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I'm using a master MySQL in an east coast data center and want to setup a replication server on a west coast data center. The app server on the west coast may at times need to write to the master.

Since the data centers can't setup a private link between them using the internal interfaces, I have to use a public interface. Does MySQL use any encryption when sending data over the public network? How can I secure or increase security between the two sites?

Let's assume site-to-site VPN is a last resort option.

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You can setup replication using SSL.

With an unencrypted connection between the MySQL client and the server, someone with access to the network could watch all your traffic and look at the data being sent or received, or even change the data while it is in transit between client and server.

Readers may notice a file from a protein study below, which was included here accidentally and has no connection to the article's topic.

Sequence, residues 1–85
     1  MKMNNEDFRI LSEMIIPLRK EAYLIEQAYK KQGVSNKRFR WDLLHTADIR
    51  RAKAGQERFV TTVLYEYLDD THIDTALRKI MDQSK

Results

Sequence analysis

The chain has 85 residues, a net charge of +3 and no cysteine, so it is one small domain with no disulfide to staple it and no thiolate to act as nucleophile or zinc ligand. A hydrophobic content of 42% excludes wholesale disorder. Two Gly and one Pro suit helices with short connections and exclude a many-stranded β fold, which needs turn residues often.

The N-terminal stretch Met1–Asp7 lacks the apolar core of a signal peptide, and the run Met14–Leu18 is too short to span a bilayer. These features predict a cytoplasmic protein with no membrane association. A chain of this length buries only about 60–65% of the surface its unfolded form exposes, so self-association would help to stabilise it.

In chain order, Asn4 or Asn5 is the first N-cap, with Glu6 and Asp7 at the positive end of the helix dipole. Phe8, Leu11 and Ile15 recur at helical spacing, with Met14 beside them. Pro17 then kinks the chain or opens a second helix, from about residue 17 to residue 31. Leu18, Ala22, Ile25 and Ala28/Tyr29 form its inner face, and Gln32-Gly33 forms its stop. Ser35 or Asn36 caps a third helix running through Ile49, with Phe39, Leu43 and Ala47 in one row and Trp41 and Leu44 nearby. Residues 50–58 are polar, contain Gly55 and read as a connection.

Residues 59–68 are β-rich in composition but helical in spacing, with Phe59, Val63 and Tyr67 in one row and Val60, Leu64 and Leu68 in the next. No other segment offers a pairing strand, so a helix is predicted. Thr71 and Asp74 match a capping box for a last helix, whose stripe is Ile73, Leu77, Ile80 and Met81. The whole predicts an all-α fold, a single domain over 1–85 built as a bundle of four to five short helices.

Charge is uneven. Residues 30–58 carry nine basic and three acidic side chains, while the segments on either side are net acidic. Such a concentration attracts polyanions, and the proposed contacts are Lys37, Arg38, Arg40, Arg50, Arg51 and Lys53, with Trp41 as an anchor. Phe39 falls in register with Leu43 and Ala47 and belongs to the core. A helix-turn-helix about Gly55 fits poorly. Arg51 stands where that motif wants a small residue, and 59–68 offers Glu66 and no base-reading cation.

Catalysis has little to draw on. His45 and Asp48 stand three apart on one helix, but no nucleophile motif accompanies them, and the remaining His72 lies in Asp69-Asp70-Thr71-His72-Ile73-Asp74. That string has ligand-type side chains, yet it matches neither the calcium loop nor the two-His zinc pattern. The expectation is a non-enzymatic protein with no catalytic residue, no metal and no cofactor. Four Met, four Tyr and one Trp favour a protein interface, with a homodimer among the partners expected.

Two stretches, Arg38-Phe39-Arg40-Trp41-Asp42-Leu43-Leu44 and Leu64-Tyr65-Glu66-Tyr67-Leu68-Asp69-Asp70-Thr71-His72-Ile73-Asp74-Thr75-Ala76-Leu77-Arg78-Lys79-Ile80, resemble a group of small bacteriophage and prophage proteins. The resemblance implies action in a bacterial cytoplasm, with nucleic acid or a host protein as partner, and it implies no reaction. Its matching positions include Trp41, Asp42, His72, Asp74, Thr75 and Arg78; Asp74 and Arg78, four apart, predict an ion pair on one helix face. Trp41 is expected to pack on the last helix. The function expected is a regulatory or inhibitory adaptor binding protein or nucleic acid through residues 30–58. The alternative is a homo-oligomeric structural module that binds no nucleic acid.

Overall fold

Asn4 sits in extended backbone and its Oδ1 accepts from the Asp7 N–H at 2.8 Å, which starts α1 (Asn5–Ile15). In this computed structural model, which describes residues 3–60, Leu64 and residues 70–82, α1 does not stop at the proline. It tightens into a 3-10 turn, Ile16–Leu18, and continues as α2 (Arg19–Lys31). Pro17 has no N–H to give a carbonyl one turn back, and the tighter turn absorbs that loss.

When you must move information over a network in a secure fashion, an unencrypted connection is unacceptable. Encryption is the way to make any kind of data unreadable. Encryption algorithms must include security elements to resist many kinds of known attacks such as changing the order of encrypted messages or replaying data twice.

MySQL supports secure (encrypted) connections between clients and the server using the Secure Sockets Layer (SSL) protocol. SSL uses encryption algorithms to ensure that data received over a public network can be trusted. It has mechanisms to detect any data change, loss, or replay. SSL also incorporates algorithms that provide identity verification using the X509 standard.

Source: https://dev.mysql.com/doc/refman/5.6/en/ssl-connections.html

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